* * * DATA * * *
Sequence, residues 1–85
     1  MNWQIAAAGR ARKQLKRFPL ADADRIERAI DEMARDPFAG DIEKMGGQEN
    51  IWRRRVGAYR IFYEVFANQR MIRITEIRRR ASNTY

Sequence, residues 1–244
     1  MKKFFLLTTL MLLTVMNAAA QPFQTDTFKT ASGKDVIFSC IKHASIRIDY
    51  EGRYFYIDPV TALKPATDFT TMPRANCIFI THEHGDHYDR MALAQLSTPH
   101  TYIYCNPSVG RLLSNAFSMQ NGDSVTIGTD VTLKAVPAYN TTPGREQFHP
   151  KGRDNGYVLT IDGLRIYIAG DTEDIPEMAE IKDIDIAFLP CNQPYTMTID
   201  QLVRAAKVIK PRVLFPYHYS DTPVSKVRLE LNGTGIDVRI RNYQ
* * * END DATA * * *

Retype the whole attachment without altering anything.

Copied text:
Sequence, residues 1–85
     1  MNWQIAAAGR ARKQLKRFPL ADADRIERAI DEMARDPFAG DIEKMGGQEN
    51  IWRRRVGAYR IFYEVFANQR MIRITEIRRR ASNTY

Sequence, residues 1–244
     1  MKKFFLLTTL MLLTVMNAAA QPFQTDTFKT ASGKDVIFSC IKHASIRIDY
    51  EGRYFYIDPV TALKPATDFT TMPRANCIFI THEHGDHYDR MALAQLSTPH
   101  TYIYCNPSVG RLLSNAFSMQ NGDSVTIGTD VTLKAVPAYN TTPGREQFHP
   151  KGRDNGYVLT IDGLRIYIAG DTEDIPEMAE IKDIDIAFLP CNQPYTMTID
   201  QLVRAAKVIK PRVLFPYHYS DTPVSKVRLE LNGTGIDVRI RNYQ